Community is a word widely used, understood and appreciated. It is suggestive of “people together,” an entity with “things in common.” Congregation is less well appreciated and understood. What it implies is anything but clear. It has references to conventional religious traditions that are not who we are.
I hate Vancouver Unitarians! It’s not a huge deal and I don’t want to outweigh, the many voices who like it, but to me it doesn’t say the right thing to the wider world. Religious communities have a sense of gravitas, and that name doesn’t do that at all. To me it makes us sound like a club rather than a religious institution, which I think sends the wrong message to people in the community about what we’re about.
I think “campus” is misleading.
If we are called Van Unitarians, what do we call the place where we gather for a service? I don’t feel comfortable with Sanctuary.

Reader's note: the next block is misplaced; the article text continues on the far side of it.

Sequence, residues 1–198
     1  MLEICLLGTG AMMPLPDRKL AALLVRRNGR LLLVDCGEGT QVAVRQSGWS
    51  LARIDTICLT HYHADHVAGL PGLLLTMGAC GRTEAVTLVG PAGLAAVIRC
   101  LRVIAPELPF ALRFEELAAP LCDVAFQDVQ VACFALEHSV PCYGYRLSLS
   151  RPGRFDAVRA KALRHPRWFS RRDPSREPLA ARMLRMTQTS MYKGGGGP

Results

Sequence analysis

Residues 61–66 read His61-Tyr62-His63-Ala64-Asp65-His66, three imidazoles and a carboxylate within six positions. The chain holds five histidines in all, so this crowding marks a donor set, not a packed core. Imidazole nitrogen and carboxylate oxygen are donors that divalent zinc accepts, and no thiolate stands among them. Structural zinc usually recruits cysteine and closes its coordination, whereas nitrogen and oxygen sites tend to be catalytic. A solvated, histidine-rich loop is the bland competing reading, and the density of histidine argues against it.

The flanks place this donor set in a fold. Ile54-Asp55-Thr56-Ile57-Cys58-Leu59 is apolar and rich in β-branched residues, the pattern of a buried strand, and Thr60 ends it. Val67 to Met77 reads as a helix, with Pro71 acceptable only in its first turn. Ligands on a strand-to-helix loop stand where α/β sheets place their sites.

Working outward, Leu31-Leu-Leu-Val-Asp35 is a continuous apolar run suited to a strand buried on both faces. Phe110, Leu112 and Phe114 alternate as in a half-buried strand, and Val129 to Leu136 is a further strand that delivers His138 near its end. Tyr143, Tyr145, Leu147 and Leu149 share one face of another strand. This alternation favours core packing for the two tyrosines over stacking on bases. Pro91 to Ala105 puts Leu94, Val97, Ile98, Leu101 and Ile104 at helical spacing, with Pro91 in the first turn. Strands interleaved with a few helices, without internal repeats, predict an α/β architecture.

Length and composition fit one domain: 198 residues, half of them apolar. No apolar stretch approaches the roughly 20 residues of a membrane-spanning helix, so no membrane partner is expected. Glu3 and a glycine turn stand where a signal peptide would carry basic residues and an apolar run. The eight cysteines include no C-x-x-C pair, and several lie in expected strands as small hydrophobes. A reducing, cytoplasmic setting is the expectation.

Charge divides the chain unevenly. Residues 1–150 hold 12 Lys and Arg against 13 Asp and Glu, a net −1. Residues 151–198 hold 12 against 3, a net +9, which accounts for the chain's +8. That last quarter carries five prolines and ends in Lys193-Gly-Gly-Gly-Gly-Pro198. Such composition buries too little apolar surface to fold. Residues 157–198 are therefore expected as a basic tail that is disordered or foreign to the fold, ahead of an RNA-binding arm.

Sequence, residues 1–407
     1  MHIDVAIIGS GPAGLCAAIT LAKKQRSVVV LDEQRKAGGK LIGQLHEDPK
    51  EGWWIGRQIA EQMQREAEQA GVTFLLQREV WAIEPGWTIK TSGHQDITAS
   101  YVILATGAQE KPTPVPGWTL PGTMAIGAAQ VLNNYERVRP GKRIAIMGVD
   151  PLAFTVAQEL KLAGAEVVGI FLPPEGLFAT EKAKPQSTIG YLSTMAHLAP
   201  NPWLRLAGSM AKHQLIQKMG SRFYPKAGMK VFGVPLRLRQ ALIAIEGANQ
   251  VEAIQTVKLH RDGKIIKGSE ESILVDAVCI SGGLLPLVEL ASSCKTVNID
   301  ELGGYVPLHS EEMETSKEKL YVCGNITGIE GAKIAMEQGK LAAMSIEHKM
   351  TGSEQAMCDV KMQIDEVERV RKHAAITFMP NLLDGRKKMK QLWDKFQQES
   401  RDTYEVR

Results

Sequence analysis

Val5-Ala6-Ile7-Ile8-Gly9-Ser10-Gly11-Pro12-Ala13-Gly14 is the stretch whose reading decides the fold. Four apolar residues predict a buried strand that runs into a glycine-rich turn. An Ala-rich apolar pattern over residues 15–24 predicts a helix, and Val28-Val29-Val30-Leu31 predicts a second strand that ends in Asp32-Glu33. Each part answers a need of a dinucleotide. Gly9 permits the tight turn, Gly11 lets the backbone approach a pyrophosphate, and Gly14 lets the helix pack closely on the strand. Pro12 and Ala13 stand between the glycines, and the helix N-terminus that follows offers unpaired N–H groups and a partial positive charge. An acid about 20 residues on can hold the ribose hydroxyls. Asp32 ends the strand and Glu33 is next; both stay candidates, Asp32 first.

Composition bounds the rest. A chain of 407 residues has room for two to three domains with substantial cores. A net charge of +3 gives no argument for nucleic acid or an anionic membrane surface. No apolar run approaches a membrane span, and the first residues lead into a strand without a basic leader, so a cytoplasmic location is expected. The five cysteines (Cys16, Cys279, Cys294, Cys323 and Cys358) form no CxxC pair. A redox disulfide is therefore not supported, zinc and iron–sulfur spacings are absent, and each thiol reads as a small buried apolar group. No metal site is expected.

I think it’s important to include a reference to our physical space in our name. How to answer questions such as “Where will the memorial service be held?” The buildings are a strong part of our identity and should be reflected in the name. I think “Centre” accomplishes that.
Like Vancouver Unitarians re the group but less easy re the place.
“Temple” is a religion specific term denoting a space of sacred organizing and community ritual or practice. It’s more specific to what happens here than the other options presented. Has it been discussed? Also, should we lose ”Vancouver” in favour of something decolonizing?
My only concern in changing the name is the cost of changing out any signage, stationary, concrete, placards, etc. however, if changing the name will assist in broadening and diversifying the congregation, it will be worth the incremental cost. It should be a well-supported new name, though. It would be ironic to me if the change drove more people away than it attracted, particularly if the diversity of the congregation were not improved.
It’s funny, fundamentalist Xtians sects are also dropping the word “church” because it’s too pagan and/or insufficiently biblical? That’s why you see so much “Assembly of Christ” and ”Congregation of Christ” when you’re driving through the hinterlands. Whee!